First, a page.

What does “Original” mean?
All of our posters are from the original or first printing, which means that if a poster has a specific date, such as 1930, in the margin, then that is the year when the poster was actually printed. Because these are lithographs, there is no one “original” piece. The art was drawn directly onto the lithography stones, and printed in runs numbering from a few hundred to approximately 3,000 posters. The stones deteriorated during the printing process, and could not be reused.
What were these old posters used for?
Posters were the first form of modern color advertising. Posters were used to promote products, events, travel and political ideas. They were placed on exterior walls, precursors to today’s billboards, as well as inside buildings, railway stations, sidewalk kiosks and other public places.
How were they made?
The primary printing technique was stone lithography, a procedure refined and simplified in the late 1800’s by a Parisian printer and artist named Jules Cheret (1836-1932). The process was done by hand and is very much an art form in itself. By drawing the images on large lithographic stones, it became feasible to print enormous posters in color. Jules Cheret is known as the “Father of the Color Lithograph Poster.”
How do you price them?
Vintage posters are priced and appreciate very much like collectible coins and stamps. There are limited remaining quantities of any specific image. Prices are established by the poster’s rarity, condition, artist, and subject matter, and are directly affected by the market price established at auction.
Where do you find posters?
Most of our vintage posters are found in Europe at markets, printers, book and paper dealers, auctions and private collections.
Why are they in such good condition?
Posters have been collectibles since they were introduced to Europe in the 1800s. Many of them were never posted, for several reasons. When a new poster was issued, the printer would purposely do an overrun in order to sell them privately to print dealers and turn-of-the-century collectors. These posters were valued and preserved. Others were stored and forgotten, only recently rediscovered in attics and warehouses. On occasion, vintage posters need minor restoration. Any restoration performed on our vintage posters meets museum preservation standards and is done in France by experts who specialize in paper restoration.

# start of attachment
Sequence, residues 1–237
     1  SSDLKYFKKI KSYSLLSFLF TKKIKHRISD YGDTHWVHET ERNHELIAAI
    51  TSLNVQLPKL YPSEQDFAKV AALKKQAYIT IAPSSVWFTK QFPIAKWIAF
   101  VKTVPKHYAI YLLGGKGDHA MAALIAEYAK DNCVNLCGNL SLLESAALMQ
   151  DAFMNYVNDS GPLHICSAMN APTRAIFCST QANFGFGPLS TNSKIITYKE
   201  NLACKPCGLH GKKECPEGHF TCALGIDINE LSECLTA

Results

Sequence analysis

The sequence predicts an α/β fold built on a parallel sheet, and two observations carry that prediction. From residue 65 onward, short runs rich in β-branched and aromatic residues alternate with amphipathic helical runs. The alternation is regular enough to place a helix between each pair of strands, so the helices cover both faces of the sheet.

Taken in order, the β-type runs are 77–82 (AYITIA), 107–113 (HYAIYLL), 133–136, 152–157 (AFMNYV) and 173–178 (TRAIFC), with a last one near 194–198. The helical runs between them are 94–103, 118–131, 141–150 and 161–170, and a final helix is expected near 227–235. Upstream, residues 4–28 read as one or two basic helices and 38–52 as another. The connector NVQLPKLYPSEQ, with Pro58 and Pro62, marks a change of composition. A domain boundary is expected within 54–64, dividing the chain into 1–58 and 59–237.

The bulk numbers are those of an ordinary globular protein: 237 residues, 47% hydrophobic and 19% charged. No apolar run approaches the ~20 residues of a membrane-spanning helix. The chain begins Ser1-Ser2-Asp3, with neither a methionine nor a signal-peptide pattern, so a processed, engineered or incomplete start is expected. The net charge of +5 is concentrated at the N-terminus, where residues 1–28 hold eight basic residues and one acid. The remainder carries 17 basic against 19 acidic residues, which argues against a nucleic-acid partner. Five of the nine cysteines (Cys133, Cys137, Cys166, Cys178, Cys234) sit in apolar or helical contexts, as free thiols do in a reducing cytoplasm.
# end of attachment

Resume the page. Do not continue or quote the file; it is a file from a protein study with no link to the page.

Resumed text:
What kind of paper are they on?
The original posters were printed on a very thin, cheap paper, similar to newsprint. In order to protect the poster, we back it on a linen fabric/canvas, with a layer of acid free paper and wheat paste between it. The backing can be removed and the poster returned to its original form.
Do posters increase in value?
Vintage posters have been collected and offered at auction for many years. The recent increase in the visibility of poster art has driven demand to the highest levels ever. Many posters have tripled in value over the past several years, and some have commanded six figures at public auction.
How do I know that I’m buying an original poster?
As with any other product or service, the vendor you choose is very important. Education about the artwork should be available, as well as some guarantee from the gallery as to authenticity and origin. Since these pieces were not originally produced as fine art, there were no certificates or numbering systems to use for identification.
How do you usually display vintage posters?
Posters are usually framed and hung just like a painting or other printed wall art. The poster backing is trimmed to about .25” of the original paper, and attached to the linen canvas with wheat paste. Someone who is experienced in the care of vintage posters should perform this service. For over-sized pieces, we recommend the use of Plexiglas in order to reduce the weight and chance of damage due to breakage. UVA-treated Plexiglas will reduce the chance of damage due to sunlight.
I’ve seen this poster before at a different price. Why is there a price variation?
All products experience price variation from one source to another. The nature of antiques and other collectibles is such that this variation can be greater than with other products. Many factors affect the market price on art. When a cache of a particular image is discovered, the art pieces are distributed through the dealer and collector community. The price will reflect the dealer’s position on this distribution chain; the length of time the dealer has owned it; and the poster’s condition, rarity, artist and subject matter. No two posters are in the same condition. A poster can appreciate several times while in the possession of a dealer, without the dealer’s knowledge.